Panama’s Supreme Court has denied a petition to suspend the immunity of a former president and current Central American Parliament (Parlacen) deputy, illustrating how powerful figures can use membership in political bodies as a judicial shield.
The court rejected a request from the legal team of former Ecuadorian Congressman Tito Galo Lara, who had sought to revoke the immunity maintained by former Panamanian president Ricardo Martinelli as a current member of Parlacen.
Lara fled to Panama in September 2013 after an Ecuadorian court convicted him of involvement in a triple murder. He received asylum from Martinelli’s government the following month. In May 2014, however, Lara’s asylum status was revoked when the Panamanian government claimed it had obtained information providing “full certainty of the existence of common crimes, not political persecution” against the former congressman.
Panamanian authorities detained Lara in June 2014, and the Supreme Court approved his extradition to Ecuador in August of that year. But Lara fought the proceedings, claiming the Panamanian government, then headed by Martinelli, had accepted a $6 million payment from Ecuador in exchange for his extradition.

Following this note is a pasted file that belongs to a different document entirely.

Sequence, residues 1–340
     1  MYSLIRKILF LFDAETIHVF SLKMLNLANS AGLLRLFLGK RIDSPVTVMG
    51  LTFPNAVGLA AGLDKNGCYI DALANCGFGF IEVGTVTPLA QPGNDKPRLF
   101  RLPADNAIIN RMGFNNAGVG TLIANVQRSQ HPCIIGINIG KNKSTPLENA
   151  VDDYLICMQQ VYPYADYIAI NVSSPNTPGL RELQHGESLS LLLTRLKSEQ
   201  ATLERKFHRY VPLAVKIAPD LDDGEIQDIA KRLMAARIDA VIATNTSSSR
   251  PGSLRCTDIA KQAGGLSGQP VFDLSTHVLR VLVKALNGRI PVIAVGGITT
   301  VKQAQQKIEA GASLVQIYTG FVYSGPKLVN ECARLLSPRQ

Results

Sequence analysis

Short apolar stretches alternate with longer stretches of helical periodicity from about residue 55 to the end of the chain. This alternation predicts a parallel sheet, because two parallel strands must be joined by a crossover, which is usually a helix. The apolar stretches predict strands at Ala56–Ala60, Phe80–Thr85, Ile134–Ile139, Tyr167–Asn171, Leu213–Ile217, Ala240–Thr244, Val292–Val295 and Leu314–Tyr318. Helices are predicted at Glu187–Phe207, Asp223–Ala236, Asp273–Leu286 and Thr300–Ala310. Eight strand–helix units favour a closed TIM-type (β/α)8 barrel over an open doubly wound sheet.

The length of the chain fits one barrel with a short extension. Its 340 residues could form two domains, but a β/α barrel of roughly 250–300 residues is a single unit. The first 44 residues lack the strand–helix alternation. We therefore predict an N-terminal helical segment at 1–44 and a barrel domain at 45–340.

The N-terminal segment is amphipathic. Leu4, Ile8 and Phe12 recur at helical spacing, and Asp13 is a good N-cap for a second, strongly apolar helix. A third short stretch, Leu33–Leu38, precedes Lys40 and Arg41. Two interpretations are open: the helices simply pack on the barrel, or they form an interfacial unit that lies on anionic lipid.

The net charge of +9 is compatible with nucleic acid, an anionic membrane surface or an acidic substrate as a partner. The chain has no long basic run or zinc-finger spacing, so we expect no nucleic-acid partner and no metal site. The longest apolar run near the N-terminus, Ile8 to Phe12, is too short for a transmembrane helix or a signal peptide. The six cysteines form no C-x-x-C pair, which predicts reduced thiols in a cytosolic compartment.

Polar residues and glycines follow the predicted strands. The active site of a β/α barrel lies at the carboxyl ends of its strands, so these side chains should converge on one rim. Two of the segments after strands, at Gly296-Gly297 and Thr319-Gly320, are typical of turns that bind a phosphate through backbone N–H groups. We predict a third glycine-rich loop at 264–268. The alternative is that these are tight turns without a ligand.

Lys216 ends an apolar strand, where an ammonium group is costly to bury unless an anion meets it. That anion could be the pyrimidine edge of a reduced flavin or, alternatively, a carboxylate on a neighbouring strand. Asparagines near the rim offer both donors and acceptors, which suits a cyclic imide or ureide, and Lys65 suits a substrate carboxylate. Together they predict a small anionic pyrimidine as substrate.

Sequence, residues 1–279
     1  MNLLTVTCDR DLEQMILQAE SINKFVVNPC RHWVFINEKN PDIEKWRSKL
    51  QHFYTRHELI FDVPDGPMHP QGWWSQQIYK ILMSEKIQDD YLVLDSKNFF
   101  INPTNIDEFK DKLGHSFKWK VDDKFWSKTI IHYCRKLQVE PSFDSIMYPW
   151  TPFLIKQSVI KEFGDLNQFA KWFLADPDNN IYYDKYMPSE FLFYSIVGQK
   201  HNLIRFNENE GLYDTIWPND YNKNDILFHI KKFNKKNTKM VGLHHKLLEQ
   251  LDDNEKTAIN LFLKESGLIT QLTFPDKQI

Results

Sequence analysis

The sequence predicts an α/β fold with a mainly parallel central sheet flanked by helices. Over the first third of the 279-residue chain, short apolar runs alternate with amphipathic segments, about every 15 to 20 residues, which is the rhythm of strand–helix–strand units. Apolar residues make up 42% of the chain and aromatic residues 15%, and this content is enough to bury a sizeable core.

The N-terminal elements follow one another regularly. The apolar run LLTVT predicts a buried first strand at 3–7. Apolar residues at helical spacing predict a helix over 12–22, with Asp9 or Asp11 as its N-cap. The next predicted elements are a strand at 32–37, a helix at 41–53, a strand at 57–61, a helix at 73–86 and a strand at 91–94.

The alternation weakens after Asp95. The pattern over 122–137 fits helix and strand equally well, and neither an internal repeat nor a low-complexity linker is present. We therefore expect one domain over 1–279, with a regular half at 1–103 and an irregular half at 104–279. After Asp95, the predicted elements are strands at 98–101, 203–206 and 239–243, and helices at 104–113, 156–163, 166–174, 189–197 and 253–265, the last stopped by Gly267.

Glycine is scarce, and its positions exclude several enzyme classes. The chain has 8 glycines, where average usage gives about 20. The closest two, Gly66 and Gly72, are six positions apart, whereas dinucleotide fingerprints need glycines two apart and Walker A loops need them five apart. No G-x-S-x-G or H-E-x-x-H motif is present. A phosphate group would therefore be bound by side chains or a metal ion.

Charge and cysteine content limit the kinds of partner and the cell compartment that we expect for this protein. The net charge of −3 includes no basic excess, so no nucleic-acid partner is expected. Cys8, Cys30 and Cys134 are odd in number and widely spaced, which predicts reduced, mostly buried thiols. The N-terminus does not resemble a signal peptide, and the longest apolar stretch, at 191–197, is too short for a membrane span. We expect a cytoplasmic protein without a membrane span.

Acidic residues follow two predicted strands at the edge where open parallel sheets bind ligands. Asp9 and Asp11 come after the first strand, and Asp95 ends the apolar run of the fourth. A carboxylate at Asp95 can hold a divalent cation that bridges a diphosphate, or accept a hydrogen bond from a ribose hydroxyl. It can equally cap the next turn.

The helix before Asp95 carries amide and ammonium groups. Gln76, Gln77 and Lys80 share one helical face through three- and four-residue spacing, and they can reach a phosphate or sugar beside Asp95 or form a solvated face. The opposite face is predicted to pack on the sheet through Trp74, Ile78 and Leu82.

Lara’s legal team asked Panama’s high court to revoke Martinelli’s immunity as a Parlacen representative in order to compel the former president to testify, but the court found that lifting Martinelli’s immunity would have no effect on Lara’s case.
InSight Crime Analysis
The Supreme Court’s decision points to the challenges that come with attempting to prosecute powerful political figures accused of malfeasance while in office. Martinelli currently faces several other investigations stemming from his term as Panama’s president, including charges of corruption and illegal espionage. Panamanian officials have stripped Martinelli of his immunity with regards to certain charges, and the Parlacen has even previously stated Martinelli enjoys no immunity as a result of his position with the regional organization. And yet, prosecutors looking to bring the former president to court continue to be met with roadblocks.
SEE ALSO: Coverage of Panama
Even without immunity, Martinelli — like other wealthy and powerful figures — has other means of avoiding prosecution at his disposal.
Martinelli reportedly fled from Panama in January 2015 after the Supreme Court began investigating him, and according to several media reports, he now resides in an opulent Miami condominium. Martinelli is also reportedly seeking asylum in the United States, but the status of that request remains unclear. Panama’s high court ordered his detention last month. Still, as reported by the Panama News, what happens next for Martinelli “depends on a complex matrix revolving around laws and political wills” in both the United States and Panama.